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LINK ROT - What a great description for the disappearance of urls from web sites!

It seems to us that certain Nebraska state agencies (who shall remain nameless) completely revamp their web sites about once a year. While that can be wonderful on many levels, it is frustrating if it causes our NebraskAccess links to an agency's terrific services to become compost. Decomposed links in library catalogs are another unpleasant side effect.

The results of the 3rd annual Chesapeake Project Legal Information Archive "link rot" analysis affirm the importance of our downloading, scanning and archiving of Nebraska state agency publications. http://nlc.nebraska.gov/epubs

The 2010 analysis reveals that nearly 28 percent of the online publications archived between March 2007 and March 2008 have now disappeared from their original locations on the Web but, due to the project’s preservation efforts, remain accessible via permanent archive URLs. During the three years that the URLs were studied, link rot increased from about one in every 12 archived titles in 2008, to one in every seven titles in 2009, and finally to about one in every 3.5 titles in 2010.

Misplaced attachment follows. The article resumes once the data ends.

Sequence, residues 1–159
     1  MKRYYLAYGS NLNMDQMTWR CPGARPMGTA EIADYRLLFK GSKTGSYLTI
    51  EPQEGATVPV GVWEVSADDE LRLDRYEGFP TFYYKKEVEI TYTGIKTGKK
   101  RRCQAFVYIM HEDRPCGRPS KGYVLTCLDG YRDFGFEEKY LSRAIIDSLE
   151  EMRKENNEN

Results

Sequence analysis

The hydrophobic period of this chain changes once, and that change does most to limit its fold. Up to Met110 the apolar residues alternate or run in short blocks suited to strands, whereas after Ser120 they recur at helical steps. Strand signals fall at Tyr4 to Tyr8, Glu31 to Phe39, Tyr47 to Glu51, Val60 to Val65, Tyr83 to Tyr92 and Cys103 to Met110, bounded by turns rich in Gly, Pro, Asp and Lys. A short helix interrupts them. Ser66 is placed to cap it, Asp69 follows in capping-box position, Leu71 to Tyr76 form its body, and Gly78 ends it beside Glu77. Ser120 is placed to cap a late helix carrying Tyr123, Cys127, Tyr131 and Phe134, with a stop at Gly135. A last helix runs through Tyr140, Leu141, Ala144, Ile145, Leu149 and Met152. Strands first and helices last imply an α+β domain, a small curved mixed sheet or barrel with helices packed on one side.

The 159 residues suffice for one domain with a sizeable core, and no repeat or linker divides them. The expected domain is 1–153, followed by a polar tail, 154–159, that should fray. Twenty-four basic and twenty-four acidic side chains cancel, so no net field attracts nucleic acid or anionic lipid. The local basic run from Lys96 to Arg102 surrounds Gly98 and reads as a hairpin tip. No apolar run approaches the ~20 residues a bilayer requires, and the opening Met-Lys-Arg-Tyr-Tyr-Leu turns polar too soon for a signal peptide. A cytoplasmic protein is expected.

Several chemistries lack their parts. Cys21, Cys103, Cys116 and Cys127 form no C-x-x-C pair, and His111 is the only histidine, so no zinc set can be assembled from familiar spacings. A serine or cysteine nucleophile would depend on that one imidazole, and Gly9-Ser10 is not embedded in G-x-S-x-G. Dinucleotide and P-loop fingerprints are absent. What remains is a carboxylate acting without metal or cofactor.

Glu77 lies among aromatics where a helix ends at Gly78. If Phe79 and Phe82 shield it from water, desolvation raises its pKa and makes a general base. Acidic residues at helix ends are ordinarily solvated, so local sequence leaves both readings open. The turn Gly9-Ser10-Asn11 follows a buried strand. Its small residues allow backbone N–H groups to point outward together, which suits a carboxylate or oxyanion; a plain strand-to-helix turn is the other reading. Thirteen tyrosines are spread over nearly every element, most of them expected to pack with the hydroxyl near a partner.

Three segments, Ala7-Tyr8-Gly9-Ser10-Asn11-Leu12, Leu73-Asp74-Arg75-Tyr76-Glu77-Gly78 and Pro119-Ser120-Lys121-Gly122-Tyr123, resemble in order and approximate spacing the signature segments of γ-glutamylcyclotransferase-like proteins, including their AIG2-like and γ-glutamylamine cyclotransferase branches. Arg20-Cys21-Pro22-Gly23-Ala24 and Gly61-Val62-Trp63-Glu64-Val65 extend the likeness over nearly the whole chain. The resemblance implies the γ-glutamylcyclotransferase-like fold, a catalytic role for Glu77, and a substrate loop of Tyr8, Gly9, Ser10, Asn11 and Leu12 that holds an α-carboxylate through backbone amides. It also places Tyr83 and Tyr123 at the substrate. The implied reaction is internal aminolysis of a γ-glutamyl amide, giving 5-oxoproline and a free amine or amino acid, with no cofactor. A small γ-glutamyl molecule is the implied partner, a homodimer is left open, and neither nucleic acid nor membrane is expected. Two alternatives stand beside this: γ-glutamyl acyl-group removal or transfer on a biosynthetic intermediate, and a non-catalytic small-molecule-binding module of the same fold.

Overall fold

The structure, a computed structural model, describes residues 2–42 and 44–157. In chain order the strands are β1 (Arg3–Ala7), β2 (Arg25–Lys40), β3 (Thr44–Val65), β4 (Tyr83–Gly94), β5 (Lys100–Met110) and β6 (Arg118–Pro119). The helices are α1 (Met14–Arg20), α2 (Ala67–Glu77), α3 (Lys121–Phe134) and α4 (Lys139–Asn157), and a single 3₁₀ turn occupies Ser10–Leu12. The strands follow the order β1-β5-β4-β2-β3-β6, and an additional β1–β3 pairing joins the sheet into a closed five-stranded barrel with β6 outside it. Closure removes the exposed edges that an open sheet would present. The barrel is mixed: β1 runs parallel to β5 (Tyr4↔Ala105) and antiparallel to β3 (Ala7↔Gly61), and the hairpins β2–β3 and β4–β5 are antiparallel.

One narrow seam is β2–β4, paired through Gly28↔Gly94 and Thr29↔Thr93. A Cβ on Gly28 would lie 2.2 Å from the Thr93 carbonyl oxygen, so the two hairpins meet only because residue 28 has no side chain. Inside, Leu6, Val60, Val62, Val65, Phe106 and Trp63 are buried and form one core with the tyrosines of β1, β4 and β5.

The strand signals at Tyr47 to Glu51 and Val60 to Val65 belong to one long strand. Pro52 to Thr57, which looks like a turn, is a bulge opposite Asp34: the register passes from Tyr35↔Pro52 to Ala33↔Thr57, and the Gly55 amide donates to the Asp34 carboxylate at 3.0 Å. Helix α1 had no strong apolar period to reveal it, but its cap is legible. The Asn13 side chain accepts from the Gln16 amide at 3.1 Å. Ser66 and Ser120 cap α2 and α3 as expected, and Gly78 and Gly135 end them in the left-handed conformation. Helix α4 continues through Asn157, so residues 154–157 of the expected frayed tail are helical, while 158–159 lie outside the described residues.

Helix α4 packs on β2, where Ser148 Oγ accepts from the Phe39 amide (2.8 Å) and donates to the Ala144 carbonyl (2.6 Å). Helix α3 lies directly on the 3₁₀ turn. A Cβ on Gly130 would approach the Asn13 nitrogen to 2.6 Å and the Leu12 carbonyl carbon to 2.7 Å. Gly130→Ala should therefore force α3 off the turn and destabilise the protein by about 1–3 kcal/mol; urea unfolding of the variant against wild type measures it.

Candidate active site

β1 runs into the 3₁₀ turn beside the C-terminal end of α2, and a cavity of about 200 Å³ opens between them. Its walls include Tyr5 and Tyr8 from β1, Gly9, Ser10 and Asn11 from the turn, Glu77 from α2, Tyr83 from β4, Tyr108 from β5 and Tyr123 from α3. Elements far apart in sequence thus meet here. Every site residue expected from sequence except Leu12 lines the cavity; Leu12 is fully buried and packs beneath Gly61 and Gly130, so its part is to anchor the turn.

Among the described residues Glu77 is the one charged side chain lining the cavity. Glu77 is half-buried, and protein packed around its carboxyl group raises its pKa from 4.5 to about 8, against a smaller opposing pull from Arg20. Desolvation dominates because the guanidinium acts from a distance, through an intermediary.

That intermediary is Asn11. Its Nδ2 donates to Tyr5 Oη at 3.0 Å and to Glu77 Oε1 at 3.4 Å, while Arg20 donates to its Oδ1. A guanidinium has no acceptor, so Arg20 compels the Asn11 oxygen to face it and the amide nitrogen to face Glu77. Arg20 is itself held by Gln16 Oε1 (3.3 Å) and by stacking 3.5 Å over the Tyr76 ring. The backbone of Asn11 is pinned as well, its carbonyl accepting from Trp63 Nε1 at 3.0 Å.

The analysis also explores the prevalence of link rot among top-level domains, showing content at state-government URLs (.state.__.us) to be at a significant risk for link rot, compared to resources posted to government (.gov) and organization (.org) Web sites.

The Chesapeake Project was launched in 2007 by the Georgetown University Law Library and the State Law Libraries of Maryland and Virginia as a collaborative digital archive for the preservation of important Web-published legal materials. A detailed summary of the study is available at http://legalinfoarchive.org/

Comments:
[ views are those of their author and not necessarily of the Nebraska Library Commission ]

I don't have a problem with link rot because I don't have any! I don't re-design every year, don't move files around and don't change the domain name. Links which worked 12 years ago still work. More than 10 thousand websites link to our content which gives us huge rankings in Google.

You want pretty and you don't want anyone to find you? Just re-design changing your file structure. Add re-directs when you re-design you say? Do you really care about your customers?

If you have to re-design, use 301 (permanent redirects) so Google will not drop your ranking.
http://www.zealousweb.net/blog/seo/how-to-redirect-web-page-using-301-redirect-in-search-engine-friendly-way/.

 
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This page contains a single article from What's Up Doc created on May 10, 2010 12:00 PM.

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